Government admits to delay in nuclear submarine construction

The Government has been forced to admit that a programme of replacing nuclear-powered submarines is running significantly behind schedule, which could have a knock-on effect on the Trident replacement programme.

The concession came during evidence from Ben Wallace MP, Secretary of State for Defence to the Defence Select Committee. The Astute submarines, which are replacements for the Trafalgar Class were due to come into service in August 2019 but have now been pushed back to at least January 2021. The Astute submarines are nuclear-powered but not nuclear-armed.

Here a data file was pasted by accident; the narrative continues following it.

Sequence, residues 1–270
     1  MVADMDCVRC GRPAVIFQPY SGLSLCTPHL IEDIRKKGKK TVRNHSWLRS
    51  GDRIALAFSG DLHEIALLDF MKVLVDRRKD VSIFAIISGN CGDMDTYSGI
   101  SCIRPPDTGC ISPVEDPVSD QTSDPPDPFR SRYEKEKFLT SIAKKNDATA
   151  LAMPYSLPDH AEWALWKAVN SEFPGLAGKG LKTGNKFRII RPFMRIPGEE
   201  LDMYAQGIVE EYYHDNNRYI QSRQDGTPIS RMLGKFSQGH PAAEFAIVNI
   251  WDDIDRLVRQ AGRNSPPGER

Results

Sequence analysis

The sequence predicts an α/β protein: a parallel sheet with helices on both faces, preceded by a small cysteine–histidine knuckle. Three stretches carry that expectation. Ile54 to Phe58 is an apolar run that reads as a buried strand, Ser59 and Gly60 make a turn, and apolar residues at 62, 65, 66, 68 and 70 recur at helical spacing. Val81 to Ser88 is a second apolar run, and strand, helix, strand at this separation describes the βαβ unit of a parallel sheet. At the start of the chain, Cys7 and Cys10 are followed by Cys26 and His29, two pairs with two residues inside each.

Dr Julian Lewis MP, Chair of the Committee said that the delay was “very long”.  Conservative Mark Francois MP labelled the Astute project a “disaster” and said that things at Barrow has “continued to go horribly wrong for years”.

The Astute submarines are being built at the BAE facility in Barrow. Work on the Dreadnaught submarines, which will form part of the Trident replacement programme, can not progress until all Astute submarines are completed. The Government has already had to extend the life of the current nuclear-armed submarines into the 2030s, which is expected to have cost implications.

The cost of Trident replacement is set to be in excess of £200 billion over the lifetime of the project.

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